# FRIPRO funding to Sorin Bangu and Kevin Cahill

The four-year project 'Mathematics with a Human Face: Set Theory within a Naturalized Wittgensteinean Framework' has received a grant from the Norwegian Research Council.

## Main content

In December 2018 the Norwegian Research Council awarded a FRIPRO-FRIHUMSAM research grant to Sorin Bangu (Project Leader) and Kevin Cahill (Collaborator), for the project *Mathematics with a Human Face: Set Theory within a Naturalized Wittgensteinean Framework*. The grant spans four years (2019-2023), and has a budget of ca. 10 million kroner (ca. 1.1 mil. euro); a PhD student and a postdoctoral fellow will join the project.

The project investigates the reasons why concepts such as ‘set’ and ‘number’ have remained philosophically obscure – nobody really knows what these things are – despite the immense success of mathematics over centuries. The idea is to approach this issue from a perspective never attempted before: by building on an overlooked Wittgensteinean insight, that "mathematics is after all an anthropological phenomenon" (RFM VII-33). The proposal is to regard mathematics, Set Theory in particular, as a special practice, ultimately of a social nature, constitutive of the human form of life. The research has interdisciplinary aspects, and involves collaborations with Wittgenstein Archives in Bergen (WAB) and other disciplines such as mathematics, anthropology and psychology.

Prior to being embedded into the proverbially frightening symbolism taught in school, the operations we perform on sets – e.g., doing unions or intersections – are, and have always been, part of a social practice. This priority is, obviously, a socio-historical fact: as humans, we group things, and manipulate these groupings, all the time. Here, however, we argue that this priority is more than a fact: it is also of a conceptual nature. By highlighting how the operational component of Set Theory plays a constitutive role in the formation and functioning of its central concept, that of a ‘set’, we aim to show that the unique characteristics of mathematical reasoning and mathematical truth (necessity, certainty, universality) can be better accounted for, when regarded as entwined into the human form of life.

The project draws philosophical inspiration from Wittgenstein’s writings on language, mind, and mathematics. In particular, the notion of a (human) ‘form of life’ – meant to capture the complex network of beliefs, values, practices, habits, and natural inclinations circumscribing people’s existence – features prominently in his later philosophy (cf. Wittgenstein 1958, §23, §241). Yet, as far as the later Wittgenstein is concerned, in particular the naturalist features of his thought relevant here, most attention has been devoted to his masterpiece *Philosophical Investigations* (PI). This is somwhat understandable given the profound impact this book has had in 20th century philosophy. Except for the remarks about following an arithmetical rule (see especially PI §185-202), the Investigations pay relatively little attention to mathematics per se. In the light of the significance that social practice and naturalism have in his later thought, central to our project will be an analysis of a less-studied work, his *Lectures on the Foundations of Mathematics*, complemented with his *Remarks on the Foundations of Mathematics* (RFM).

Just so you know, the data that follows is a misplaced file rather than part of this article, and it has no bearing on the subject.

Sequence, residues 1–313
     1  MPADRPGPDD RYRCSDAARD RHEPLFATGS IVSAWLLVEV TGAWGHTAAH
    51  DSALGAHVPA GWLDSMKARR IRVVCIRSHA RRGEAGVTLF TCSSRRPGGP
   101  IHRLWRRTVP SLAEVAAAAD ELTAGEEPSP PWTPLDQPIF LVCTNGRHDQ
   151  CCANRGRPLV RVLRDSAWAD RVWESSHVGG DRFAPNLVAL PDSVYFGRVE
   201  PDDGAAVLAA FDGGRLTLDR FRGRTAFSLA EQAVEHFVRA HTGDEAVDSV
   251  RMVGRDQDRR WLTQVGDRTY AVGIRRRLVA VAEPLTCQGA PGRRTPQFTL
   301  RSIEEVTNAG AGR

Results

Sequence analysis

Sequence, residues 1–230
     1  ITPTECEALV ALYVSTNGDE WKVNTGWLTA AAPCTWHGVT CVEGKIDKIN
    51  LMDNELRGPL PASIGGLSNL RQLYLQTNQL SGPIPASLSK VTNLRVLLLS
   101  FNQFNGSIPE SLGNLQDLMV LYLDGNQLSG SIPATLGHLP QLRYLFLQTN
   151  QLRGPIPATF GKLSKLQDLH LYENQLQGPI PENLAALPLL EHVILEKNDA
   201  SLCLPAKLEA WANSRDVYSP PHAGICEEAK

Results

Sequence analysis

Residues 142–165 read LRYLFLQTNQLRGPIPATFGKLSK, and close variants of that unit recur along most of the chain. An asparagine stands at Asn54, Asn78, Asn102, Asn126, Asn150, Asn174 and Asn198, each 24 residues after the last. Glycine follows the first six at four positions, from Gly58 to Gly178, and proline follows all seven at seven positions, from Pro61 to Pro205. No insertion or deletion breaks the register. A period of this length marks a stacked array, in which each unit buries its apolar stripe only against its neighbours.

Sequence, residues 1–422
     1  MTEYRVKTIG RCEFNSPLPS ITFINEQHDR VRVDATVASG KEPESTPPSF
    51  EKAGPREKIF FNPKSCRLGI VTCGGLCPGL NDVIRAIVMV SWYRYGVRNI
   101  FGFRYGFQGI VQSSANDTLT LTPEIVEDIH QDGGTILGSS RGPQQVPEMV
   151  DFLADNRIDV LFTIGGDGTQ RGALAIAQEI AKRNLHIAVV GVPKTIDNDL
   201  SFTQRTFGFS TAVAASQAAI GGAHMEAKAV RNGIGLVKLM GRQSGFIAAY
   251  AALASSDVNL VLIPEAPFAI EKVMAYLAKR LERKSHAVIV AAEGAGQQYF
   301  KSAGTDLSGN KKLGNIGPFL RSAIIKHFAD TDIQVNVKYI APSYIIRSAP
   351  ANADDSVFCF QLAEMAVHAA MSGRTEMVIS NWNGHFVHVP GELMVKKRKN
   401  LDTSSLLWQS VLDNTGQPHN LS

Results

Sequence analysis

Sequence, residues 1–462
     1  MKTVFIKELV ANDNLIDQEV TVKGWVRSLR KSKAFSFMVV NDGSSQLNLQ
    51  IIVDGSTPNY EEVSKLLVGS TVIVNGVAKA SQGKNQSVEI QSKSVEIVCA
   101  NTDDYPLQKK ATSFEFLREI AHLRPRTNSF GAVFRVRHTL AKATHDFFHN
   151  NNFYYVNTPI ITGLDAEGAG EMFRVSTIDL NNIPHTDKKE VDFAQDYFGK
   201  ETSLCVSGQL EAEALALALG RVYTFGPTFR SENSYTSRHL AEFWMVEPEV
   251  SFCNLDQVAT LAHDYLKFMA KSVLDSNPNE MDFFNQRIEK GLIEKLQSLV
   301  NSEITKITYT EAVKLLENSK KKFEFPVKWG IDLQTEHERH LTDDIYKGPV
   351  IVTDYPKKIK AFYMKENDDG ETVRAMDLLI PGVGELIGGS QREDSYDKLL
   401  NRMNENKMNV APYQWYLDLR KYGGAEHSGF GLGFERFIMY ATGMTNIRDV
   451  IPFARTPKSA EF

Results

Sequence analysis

Furthermore, by articulating a Wittgensteinean-inspired, naturalized social conception of mathematics, we will also show how the new insights we bring to light impact the standard interpretations of his thinking as a whole. Of particular interest for us will be to examine the deep sources of Wittgenstein’s apparent hostility to the foundational role of Set Theory. Once this is clarified, we will investigate whether Wittgenstein’s valuable insights about mathematical practice in general (appearing especially in his Lectures and the Remarks), do apply to Set Theory as well.

We aim to exploit the anthropological strain in Wittgenstein’s later work, and thus explicating how the practice of operating with sets finds a place within it brings out one of the project’s major challenges. For the field of anthropology itself can be regarded as containing a biological branch, thus placing it closer to the natural sciences. Yet it also contains a more dominant ethnographic, cultural branch, which explicitly accounts for human societies in terms of various conventions. Thus, coming to understand how Wittgenstein saw the conventional in relation to the natural will be critical for getting a better handle on how symbolic activity can be a feature of our nature. How to bring these together in a satisfying way that naturalizes practice while preserving a recognizably robust conception of normativity suitable for Set Theory will be the primary focus of one part of the project. This is a point where we will benefit from input from other relevant disciplines – especially mathematics, anthropology and psychology. The key challenge, then, of this part involves providing a coherent account of Wittgenstein’s concepts of practice and custom that harmonize with regarding these as natural aspects of human life.